Anytime you saw a copy of The Hell Candidate back in The 80s, it always fell open creased to that scene. It was the most read, most cringed over, most grossed out by, most discussed and most shared scene in the entire book. In fact, the first time I ever saw the book was when a friend pulled it from his jacket, opened it to the scene and said, with a wide-eyed expression as if he was about to share the greatest hidden treasure ever, “Read this part right here…holy fuck.” (exact phrase)
I think that was how just about everyone under the age of 18 was introduced to the book. I mean…c’mon? Horror novel aside, no teenage kid was going to read a horror novel about presidential politics no matter how kickass the cover was. Just the first few pages were enough to deter your average teenager to toss it and turn on Mtv. All this talk about what this one guy thought about another guy blah blah blah….politics…blah blah blah…boring.
I suspect a lot of them just read the death by demonic sex scene and that was it. But not me. Not my close friends, either. We read the whole thing. We loved it. It taught us things about politics we would never learn in school. Book nerds are always looking for enlightenment. It did not disappoint.
We discussed it at length. Not the DDSS (which got old real fast unless you were showing it to someone to get their first time reaction) but the actual story, and our fears of how that book mirrored in many ways the political world we were growing up in. President Reagan seemed a lot like Hunter Peal to us. Too much, in fact.
Although we weren’t religious and didn’t believe in Satan (who we only saw as an interesting mythological character) we understood that the evil nature of Hunter Peal was something no one needs supernatural forces to develop. You can be a manipulative, evil bastard on your own. With Reagan as President, The Cold War seemed to have plummeted to subzero glacial temperature by 1983 as paranoia in America rose alongside religious zealotism, two very bad things in combination.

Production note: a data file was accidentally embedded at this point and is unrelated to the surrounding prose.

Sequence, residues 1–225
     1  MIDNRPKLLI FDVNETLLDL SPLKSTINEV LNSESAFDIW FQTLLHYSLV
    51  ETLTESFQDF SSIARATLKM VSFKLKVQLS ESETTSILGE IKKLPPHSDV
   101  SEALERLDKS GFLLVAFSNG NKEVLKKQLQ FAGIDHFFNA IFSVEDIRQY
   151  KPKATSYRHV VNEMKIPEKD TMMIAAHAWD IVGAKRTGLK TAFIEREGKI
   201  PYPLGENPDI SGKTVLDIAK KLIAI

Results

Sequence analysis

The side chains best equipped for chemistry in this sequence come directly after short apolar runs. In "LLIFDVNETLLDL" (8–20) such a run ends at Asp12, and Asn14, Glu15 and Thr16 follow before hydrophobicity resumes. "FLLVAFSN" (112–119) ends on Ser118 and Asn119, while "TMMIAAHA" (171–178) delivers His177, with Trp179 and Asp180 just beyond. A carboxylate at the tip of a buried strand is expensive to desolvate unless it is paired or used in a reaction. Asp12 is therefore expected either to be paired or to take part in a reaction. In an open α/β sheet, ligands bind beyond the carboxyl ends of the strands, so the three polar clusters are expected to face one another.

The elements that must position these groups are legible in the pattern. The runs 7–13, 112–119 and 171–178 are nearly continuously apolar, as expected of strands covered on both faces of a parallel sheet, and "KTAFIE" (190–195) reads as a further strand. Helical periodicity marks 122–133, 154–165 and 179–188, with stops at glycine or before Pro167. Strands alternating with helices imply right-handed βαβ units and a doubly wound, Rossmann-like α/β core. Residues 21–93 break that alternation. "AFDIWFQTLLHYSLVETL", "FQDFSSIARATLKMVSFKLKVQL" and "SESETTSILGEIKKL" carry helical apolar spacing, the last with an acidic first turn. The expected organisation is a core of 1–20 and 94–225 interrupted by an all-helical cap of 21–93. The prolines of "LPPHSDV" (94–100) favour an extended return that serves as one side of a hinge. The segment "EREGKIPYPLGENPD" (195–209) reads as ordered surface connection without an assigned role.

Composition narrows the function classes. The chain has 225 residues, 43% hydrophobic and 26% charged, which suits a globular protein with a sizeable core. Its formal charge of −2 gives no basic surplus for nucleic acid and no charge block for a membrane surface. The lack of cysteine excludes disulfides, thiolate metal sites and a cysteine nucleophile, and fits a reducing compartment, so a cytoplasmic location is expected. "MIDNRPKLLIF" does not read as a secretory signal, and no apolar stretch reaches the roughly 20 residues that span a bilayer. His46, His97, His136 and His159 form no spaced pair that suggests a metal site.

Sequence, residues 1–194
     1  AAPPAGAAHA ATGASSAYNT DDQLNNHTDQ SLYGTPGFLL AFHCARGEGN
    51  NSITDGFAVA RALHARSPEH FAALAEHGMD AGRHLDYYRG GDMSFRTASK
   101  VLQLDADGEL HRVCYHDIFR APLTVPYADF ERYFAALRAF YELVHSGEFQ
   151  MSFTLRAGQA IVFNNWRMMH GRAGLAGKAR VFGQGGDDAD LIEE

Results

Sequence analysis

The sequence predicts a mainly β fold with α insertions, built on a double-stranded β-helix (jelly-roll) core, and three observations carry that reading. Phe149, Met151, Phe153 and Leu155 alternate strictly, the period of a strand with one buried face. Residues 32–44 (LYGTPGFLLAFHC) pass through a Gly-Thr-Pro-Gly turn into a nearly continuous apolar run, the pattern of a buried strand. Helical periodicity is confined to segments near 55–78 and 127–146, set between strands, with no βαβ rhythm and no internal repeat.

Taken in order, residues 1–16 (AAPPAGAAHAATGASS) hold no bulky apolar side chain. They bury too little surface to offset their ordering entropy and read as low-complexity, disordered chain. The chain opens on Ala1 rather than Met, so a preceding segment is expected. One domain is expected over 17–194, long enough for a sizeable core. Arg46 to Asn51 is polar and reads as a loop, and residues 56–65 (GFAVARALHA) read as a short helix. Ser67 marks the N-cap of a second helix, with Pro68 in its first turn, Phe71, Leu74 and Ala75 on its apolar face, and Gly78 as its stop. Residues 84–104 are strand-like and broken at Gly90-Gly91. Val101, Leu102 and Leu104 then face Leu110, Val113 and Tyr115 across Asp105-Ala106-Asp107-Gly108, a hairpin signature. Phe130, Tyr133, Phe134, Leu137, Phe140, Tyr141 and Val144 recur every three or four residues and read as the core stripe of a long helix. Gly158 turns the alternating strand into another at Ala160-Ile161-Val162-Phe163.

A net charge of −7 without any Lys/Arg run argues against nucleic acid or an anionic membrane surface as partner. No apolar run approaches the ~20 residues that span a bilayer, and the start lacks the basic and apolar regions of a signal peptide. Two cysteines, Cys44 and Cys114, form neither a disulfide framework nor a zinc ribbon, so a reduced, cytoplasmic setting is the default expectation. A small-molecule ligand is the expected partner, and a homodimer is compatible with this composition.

Reagan was an unfunny President. All he talked about was war. War here, war there, war everywhere. Soviet-this and Soviet-that. Jesus-Soviet-War-God-Embargo-Bombs-Away bullshit. He scared us and every other kid old enough to understand what was going on. He was the saint of idiots to us. A propagandist at best. But he and his cabinet were very effective at fooling America into believing his hype. That was scary, too. Adults were eating his propaganda up like custard. Some, three decades later, are still eating it up.
One has to take into consideration that, as young people, here we were right smack in the middle of a brand new technological wonderland created by video games, arcades, electronic music and cable TV; a world where entire channels, music stations and commercial marketing campaigns were dedicated to our tastes for the first time in American history. We were surrounded by a burgeoning electronic reality where everything was vividly colored, fresh, new and ours. It was our era. A total youth era, one that hadn’t occurred since The 1920s in America. Yet here was this old, weird President on TV every night buzz killing our wonderland with religious superstition and tedious, corny patriotism that had went out of style during the Eisenhower era.